In the US, Ms. Omatang got a job where she rose to the position of manager. According to her, with just this job she was able to settle the medical treatment as well as their schooling financial needs. However, after her boss got to know from a co-worker’s report that she was undocumented, she had to discontinue the work.
Since then, she has been a caretaker to wealthy seniors in Silicon Valley for over a decade now. During this time, she made sure to keep her status unrevealed and used a different name to report her income to the federal tax authorities.
Ms. Omatang said when she overheard one of her employers who is Trump supporter and favours a tough approach to undocumented immigration say ‘just send all those illegal people back home,’ she thought to herself, ‘Oh, oh. If you only knew.”
Indeed, Kalpana Peddibhotla’s words explain the situation of many overstayers who lost their legal status. She said, “They entered with a specific purpose and fell out of Status for a variety of reasons, only to realize there is no easy mechanism to correct their status violations.”
Some of these undocumented immigrants are graduates of American universities, allowed to remain in the United States for a period of time to work but who for some reason have difficulty meeting up the deadlines or commit errors on immigration forms that automatically render them deportable. In some other cases, they are foreign workers who are transferred by their employers to a new site who fails to adjust their paperwork, as required, which would have prevented them from their present illegal status.
Ms. Peddibhotla became familiar with Indian overstay cases while on the South Asian Bar Association of North America. She said, “They stay because they built their lives here, bought homes here, had children here.”
Visa overstayers are difficult to track
According to the Department of Homeland Security, though over the past two years, their efforts to reducing the figure of visa overstayers have slightly paid off, enforcement is difficult as authorities are only beginning to gain access to better data on who has and has not flown out of the country.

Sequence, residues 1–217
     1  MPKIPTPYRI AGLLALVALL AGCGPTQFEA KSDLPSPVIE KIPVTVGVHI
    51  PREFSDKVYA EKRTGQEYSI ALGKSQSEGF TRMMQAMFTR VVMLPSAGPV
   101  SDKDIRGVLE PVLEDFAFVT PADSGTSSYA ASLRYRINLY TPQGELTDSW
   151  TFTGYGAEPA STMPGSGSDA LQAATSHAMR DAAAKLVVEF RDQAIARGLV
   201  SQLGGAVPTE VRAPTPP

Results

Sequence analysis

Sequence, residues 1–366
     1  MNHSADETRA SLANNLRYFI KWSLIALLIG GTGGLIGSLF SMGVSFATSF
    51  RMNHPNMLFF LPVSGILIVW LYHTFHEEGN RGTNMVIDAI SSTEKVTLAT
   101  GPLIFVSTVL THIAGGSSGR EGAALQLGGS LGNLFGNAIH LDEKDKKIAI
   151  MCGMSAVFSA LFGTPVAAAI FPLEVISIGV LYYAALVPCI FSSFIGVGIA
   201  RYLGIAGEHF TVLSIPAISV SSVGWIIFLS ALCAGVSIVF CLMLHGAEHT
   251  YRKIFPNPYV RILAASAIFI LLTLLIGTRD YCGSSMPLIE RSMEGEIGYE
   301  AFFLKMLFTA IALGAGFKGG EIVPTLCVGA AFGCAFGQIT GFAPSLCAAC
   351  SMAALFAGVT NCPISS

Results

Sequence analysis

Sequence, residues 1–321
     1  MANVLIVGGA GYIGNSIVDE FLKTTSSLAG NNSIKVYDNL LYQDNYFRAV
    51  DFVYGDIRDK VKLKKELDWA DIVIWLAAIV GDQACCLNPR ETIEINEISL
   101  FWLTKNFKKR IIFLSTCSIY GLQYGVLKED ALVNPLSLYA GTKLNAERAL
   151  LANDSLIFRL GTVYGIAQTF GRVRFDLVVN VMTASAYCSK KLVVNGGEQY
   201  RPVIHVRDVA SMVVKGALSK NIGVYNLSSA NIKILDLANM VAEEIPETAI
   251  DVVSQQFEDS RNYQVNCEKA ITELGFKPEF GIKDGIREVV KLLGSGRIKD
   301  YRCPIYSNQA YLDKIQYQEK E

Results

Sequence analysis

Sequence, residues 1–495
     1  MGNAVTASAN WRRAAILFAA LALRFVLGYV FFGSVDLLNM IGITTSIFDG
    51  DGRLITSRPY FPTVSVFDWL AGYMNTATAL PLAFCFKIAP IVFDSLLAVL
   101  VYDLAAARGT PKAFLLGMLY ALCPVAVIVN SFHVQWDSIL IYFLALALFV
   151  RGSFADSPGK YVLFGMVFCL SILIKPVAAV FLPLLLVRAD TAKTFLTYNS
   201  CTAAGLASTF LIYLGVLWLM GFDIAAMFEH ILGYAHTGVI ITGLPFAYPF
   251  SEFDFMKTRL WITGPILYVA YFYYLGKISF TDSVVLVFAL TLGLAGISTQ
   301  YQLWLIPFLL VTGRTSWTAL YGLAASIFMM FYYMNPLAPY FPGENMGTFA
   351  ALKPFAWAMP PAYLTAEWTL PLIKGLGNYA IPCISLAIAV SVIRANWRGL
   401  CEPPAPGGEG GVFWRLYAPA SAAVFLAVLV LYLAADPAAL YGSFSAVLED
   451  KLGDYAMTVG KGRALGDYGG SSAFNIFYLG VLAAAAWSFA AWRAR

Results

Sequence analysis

To tally visa overstayers who did not leave the country in time, or at all, the Customs and Border Protection continue to rely on the biographical information from the manifests of departing travelers provided by airlines while most travelers are photographed and fingerprinted at American consulates abroad when they receive a visa and then again on arrival in the US.
However, as regards the President’s direction to the DOS to develop policies to combat visa overstays, experts say that accurate data is required and Homeland Security officials still lack a reliable system to track them.
John Wagner, a deputy assistant executive commissioner for Customs and Border Protection notes that so far, the program the federal officials initiated in 2016 when they worked with airlines and airport authorities to install a biometric facial-comparison system at departure gate – which is essentially a comparison of a digital picture taken boarding a plane to leave the country and the one taken on their arrival – covers 4 to 5 percent of those departing by air each day. In an interview, John Wagner said that within three years, his agency hopes to cover 90 percent of departing travelers.
In the 2018 fiscal year when the nearly 670,000 travelers the government reported who arrived by air or sea were expected to depart. But by Sept. 30, 2018, they had not yet left. Only by March 2019 did that number drop to nearly 415,700 because many people overstay by just a few months.